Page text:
Straight talk on cattle breeding systems

Straight talk on cattle breeding systems

Business decisions based on science alone don't work in every sector.

*Steve Suther is director of industry information at Certified Angus Beef LLC.

Straight talk on cattle breeding systems
THE market stands above all other factors to those who plan for profit. Science and technology supply the tools managers apply to realize their plans.

That's true in any business, so of course, it includes the livestock sector. Scientific data that support the strategy of crossbreeding among cattle breeds remain undisputed. However, that doesn't set crossbreeding above other science or above a market that has evolved rapidly toward meeting consumer demand.

Well-meaning scientists whose goal is to help cattle producers make a profit may insist that crossbreeding is the only logical alternative for a business that produces cattle before reviewing the decades-old science.

Producers already get that. It's not ignorance or gullibility in the face of breed advertising that led many thousands of cattle producers to freely choose a business strategy of using only Angus genetics to rise above commodity production and cultivate repeat buyers all along the beef supply chain.

They respond to consumer demand that, according to Kansas State University, favors one premium brand in particular (Figure 1). Demand for Choice increased 3% between 2002 and 2012, but demand for the Certified Angus Beef(CAB) brand increased 79% during the same period, having outpaced Choice consistently since the 2009 economic recession.

The CAB cutout value improved 6.6% annually from 2009 to 2012, and per capita consumption improved each year as well, leading to a seventh consecutive record year at 865 million lb. sold in 2013.

Naming one breed as a viable alternative to crossbreeding makes some scientists and multi-breed organizations uneasy. Their constituents include cattle producers with all kinds of cattle, so the most convenient truth is that all breeds are created equally.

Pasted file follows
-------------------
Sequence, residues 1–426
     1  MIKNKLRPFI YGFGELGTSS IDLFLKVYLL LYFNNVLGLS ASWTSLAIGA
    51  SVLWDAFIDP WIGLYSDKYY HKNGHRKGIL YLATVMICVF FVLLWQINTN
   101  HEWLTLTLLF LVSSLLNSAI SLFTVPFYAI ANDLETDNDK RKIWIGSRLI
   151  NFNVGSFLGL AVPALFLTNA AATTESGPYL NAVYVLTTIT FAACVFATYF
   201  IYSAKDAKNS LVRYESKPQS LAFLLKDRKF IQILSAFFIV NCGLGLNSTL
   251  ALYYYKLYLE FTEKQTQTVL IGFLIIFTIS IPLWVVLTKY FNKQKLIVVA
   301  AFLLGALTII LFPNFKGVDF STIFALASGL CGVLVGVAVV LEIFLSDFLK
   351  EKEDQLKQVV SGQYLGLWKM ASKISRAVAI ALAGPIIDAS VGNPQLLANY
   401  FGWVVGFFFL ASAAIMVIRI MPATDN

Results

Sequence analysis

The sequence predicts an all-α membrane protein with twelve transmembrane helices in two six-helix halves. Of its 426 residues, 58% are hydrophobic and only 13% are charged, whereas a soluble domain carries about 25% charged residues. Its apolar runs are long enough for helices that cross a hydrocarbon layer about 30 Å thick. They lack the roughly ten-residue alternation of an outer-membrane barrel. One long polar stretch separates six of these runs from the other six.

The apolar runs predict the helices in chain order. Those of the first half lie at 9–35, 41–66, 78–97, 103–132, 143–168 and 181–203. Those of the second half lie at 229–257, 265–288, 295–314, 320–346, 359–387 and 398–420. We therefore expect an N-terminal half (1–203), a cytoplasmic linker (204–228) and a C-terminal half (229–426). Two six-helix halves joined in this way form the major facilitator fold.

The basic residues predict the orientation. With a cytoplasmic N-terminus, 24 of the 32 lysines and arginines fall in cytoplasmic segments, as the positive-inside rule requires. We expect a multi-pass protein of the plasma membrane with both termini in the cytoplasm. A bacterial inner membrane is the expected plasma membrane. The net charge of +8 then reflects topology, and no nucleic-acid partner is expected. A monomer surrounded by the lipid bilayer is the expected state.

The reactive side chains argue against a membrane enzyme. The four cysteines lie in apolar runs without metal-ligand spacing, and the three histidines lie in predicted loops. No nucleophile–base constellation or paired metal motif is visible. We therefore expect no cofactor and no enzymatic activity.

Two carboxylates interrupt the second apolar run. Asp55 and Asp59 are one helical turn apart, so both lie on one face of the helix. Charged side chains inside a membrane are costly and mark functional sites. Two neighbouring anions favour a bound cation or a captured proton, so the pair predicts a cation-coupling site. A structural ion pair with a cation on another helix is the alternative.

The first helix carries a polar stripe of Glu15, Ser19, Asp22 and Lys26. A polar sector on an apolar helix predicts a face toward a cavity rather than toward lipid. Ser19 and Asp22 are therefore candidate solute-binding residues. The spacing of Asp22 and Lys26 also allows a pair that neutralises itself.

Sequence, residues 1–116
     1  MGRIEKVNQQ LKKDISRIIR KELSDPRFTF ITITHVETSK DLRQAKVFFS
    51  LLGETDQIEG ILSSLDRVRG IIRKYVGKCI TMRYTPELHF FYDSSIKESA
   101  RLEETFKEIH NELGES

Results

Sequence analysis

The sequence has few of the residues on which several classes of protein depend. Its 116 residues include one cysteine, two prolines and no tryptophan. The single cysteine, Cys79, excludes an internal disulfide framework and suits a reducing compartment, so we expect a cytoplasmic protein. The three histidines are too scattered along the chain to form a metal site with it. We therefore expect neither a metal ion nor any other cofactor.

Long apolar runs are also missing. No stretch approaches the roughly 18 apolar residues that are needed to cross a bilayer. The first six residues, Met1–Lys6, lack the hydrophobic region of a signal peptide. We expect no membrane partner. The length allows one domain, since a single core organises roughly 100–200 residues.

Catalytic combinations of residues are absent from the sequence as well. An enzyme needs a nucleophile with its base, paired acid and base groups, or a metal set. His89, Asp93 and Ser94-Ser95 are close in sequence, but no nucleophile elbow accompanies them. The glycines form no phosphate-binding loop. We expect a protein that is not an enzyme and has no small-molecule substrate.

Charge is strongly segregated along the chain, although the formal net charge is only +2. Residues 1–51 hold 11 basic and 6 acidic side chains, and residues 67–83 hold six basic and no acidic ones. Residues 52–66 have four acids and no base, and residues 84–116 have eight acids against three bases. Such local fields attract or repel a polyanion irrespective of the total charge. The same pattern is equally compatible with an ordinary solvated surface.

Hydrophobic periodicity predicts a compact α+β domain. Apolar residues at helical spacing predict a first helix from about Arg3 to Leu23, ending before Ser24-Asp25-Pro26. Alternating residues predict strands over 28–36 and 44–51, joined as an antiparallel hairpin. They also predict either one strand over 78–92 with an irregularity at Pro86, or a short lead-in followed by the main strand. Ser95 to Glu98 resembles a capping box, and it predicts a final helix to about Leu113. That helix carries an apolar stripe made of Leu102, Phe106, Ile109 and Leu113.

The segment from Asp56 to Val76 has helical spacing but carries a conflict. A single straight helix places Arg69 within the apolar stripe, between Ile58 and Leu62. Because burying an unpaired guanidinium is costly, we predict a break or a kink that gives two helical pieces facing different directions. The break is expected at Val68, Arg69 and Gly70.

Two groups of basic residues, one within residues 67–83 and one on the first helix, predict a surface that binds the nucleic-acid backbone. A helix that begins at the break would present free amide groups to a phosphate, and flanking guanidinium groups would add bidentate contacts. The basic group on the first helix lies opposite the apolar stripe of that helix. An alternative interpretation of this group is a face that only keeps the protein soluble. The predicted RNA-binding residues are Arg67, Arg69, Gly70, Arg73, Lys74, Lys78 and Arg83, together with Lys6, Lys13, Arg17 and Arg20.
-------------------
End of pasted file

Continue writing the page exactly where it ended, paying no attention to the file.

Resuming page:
Perhaps that helps limit scientific inquiry into straightbred Angus systems or channels it to simply exploring how producers rate "black hide" when selecting bulls. Those who raise other cattle breeds are often weary — or complicit in the development — of more and more black commercial cattle.

There is no integrity issue with such cattle, despite the common grumble that certified Angus programs just need cattle that are mostly black. As a basis in truth, 51% or greater black hide is a live cattle requirement for further evaluation in a long list of Angus programs that grew because of market demand (Figure 2).

Grid marketing of finished cattle increased rapidly in the last 15 years, led by premiums for quality grades and including those for premium brands, the lion's share paid for CAB brand acceptance.

Many critics of the brand don't look into how it works as a nonprofit, producer-owned subsidiary of the American Angus Assn. It was created in 1978 to add value to registered Angus cattle through a high-quality branded beef program, and its 10 specifications (Box) have been unchanged in their effects over time.

In fact, CAB is a specification-based company. It could never have realized its mission or made an impact on the beef industry without encompassing the whole commercial cattle population and allowing any producer to join in responding to market signals without having to sign up.

As premiums grew for premium beef, more and more commercial producers began using focused Angus genetics that include superior marbling. The growing database of Angus genetics provided science-based tools for simultaneous selection with other economically relevant traits.